Read this, it's great!" said my technician pal, handing me a copy of The Ginger Man by J P Donleavy. The blurb said I was about to dive into an instant masterpiece, to meet a fabulous literary creation. A large supply of clean trousers seemed advisable. I raced through the Quintin Jardine I'd already started, so quickly that I hardly had time to ask myself why I actually enjoyed the story, with its overblown, macho, infallible heroes.
Did I enjoy The Ginger Man? Hmmmm . . . It was beautifully lyrical, though the switches both in tense and from first to third person narrative were a pain in the arse at first. The real problem I had was with the main character, Sebastian Dangerfield. He was a drunk, thief, adulterer and wife-beater and I could not find much of what he did remotely funny.
Nowhere was it explicitly suggested that I should derive great amusement from his actions but somehow I felt I was expected to.
I hate the notion that we are supposed to have a secret admiration for hedonistic idiots. On the death of some piss-artist actor whose entire working life has had less stress than a week of teaching policing coal-mining, we are often told in respectful tones that he was a "hell-raiser". Digging deeper, this means that he was renowned for being ratted on aircraft, reeling down the aisle abusing stewardesses who refuse to serve him even more drink. Lock them up, I say.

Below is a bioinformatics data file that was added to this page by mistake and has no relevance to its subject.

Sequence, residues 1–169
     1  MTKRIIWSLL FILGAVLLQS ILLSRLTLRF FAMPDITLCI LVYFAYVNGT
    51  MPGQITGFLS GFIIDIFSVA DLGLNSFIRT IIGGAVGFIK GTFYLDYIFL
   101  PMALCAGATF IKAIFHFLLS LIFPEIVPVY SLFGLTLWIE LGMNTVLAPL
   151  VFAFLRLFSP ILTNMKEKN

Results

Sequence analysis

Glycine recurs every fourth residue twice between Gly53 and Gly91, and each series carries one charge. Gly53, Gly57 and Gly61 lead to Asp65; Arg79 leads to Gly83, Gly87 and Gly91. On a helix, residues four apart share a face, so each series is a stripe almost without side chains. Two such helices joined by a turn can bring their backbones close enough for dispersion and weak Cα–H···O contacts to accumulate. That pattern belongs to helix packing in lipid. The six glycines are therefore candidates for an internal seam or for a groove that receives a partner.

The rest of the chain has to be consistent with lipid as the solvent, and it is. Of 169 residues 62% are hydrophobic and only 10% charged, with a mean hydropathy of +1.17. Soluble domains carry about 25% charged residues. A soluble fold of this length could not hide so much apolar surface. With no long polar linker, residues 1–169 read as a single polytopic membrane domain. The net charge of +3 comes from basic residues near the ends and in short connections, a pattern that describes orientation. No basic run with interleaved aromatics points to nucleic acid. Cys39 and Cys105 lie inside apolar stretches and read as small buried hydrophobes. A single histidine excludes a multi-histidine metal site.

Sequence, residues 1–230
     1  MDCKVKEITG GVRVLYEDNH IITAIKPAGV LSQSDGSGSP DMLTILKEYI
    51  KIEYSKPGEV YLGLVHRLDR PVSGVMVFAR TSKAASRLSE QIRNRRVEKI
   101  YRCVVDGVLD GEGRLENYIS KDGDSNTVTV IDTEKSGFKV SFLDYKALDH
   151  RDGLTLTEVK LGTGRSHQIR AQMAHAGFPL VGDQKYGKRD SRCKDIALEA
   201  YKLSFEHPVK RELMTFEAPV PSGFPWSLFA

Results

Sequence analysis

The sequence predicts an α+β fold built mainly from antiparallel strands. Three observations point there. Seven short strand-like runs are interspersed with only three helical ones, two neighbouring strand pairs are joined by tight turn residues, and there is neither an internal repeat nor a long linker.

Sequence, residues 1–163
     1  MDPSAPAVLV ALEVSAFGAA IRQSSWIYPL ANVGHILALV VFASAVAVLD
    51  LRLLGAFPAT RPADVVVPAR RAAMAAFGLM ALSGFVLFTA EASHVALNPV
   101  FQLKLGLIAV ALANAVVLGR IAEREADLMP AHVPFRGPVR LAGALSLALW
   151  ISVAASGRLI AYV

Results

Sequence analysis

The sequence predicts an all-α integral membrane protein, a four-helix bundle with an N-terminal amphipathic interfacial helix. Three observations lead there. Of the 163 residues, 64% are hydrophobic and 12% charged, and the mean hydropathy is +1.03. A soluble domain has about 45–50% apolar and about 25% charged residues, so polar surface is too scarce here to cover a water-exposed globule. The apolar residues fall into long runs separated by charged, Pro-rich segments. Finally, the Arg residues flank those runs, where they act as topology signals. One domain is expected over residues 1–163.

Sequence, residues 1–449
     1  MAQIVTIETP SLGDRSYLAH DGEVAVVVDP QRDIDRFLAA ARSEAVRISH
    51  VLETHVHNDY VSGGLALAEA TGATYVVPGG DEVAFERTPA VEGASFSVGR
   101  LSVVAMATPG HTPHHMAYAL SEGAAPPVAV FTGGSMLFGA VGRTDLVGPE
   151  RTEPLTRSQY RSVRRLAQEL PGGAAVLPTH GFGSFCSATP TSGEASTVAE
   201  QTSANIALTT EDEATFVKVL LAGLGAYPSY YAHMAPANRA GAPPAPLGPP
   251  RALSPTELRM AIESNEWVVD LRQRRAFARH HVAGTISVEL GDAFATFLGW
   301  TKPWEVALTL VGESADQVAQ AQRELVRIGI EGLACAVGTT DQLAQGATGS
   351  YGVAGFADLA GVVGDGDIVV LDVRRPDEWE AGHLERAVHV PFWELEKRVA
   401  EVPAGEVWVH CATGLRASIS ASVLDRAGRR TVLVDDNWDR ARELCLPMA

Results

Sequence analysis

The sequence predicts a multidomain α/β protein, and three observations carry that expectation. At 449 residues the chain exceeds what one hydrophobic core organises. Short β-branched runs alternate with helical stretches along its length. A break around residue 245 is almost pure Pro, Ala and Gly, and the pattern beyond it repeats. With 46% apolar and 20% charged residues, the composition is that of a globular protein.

But there's more. There was something about Sebastian Dangerfield that brought to mind a phrase that chills the bones of many teachers. He was a "real character". At various points in my career I have been told that someone is a "real character", prior to being introduced to a teacher (it is invariably a male) with a ready, biting wit, an armoury of sarcastic put-downs and a membership card of the Anti-Everything League.
While they are clever with words, any innovation is greeted with the sanctimonious catchphrase: "what good will this do the pupils?" The "real character" never asks himself what the benefits of treating his charges as some sort of pond life are. Real characters are often Scooby-Doo Teachers; if it wasn't for the meddling kids they'd get away with it, but the meddling kids usually rebel and it's always someone else's fault.
Don't get me wrong. I've enjoyed the company of real characters on a number of occasions and laughed along with the rest of them. But put one in my department or, worse, in front of my own children in a classroom and they'd be as welcome as Sebastian Dangerfield as a house guest.
Gregor Steele has managed to write an article based around a book without mentioning King o the Midden (available at all good bookshops).